Eilidh Whiteford


Lobbying Bill Will Hit Charities - MP

Monday, 9 September 2013

Banff & Buchan MP Dr Eilidh Whiteford has attacked the UK Government’s ill-thought-out proposals for a Lobbying Bill in the House of Commons.

Speaking in a debate in the House of Commons, Dr Whiteford drew attention to the Bill’s flaws, which have generated widespread concerns among charities and voluntary organisations.

The provisions as they stand would place heavy legislative burdens on charities and third sector bodies that campaign on political issues. Particularly onerous are significant new restrictions on what charities will be able to spend in the year before General Elections.

The Bill will come before the house for a second reading later this week, when it is hoped by campaigners that MPs will have an opportunity to amend the bill.

Speaking in the Commons debate, Dr Whiteford said:

“The measures in part 2 are particularly deeply flawed, and in spite of all the assurances we have heard from the Leader of the House, they will place undue restrictions on the ability of campaigning organisations to raise legitimate concerns about public policy issues.

“My key point is that an active, politically engaged, challenging civil society is a hallmark of democracy and the lifeblood of live political culture, every bit as much as a free press or free and fair elections. I have grave concerns that a side effect of the Bill will be to restrict the discursive space where citizens can make a fuss about public policies that affect their lives.”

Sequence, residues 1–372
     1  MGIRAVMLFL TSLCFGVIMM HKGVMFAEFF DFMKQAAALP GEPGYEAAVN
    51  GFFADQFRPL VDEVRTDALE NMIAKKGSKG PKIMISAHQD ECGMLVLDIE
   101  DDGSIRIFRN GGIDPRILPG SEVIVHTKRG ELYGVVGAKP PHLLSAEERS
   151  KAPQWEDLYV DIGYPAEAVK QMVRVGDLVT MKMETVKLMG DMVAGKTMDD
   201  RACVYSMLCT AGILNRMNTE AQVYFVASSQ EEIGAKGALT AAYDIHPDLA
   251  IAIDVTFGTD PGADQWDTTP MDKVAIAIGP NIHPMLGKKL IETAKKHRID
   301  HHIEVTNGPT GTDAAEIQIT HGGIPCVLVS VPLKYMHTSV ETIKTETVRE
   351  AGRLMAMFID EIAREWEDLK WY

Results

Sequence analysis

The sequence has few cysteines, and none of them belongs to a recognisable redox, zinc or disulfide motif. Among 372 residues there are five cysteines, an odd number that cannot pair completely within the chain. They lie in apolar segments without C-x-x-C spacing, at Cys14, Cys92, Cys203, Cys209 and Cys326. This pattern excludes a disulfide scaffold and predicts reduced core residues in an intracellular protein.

The cross-party Political and Constitutional Reform Committee has already commented that the lobbying bill had been "unnecessarily rushed".

In their report, the committee said:  

"We do not believe that the government has... provided a satisfactory account of the basis on which the new levels for registration and expenditure by third parties have been set.

“The definition of spending 'for electoral purposes' as currently drafted is likely to cause confusion."

Commenting afterwards, Dr Whiteford said that she would continue to oppose the bill in its present form. She said:

“Dozens of constituents have been in contact with me regarding the impact this Bill will have on charities and voluntary organisations. I share their concerns, and have made my feelings clear in the House of Commons.

“While I recognise the need for a lobbying bill which encourages openness and transparency, the legislation as it stands pleases no one save the government. I will continue to argue for a sensible lobbying bill, which does not penalise voluntary bodies and charities.”

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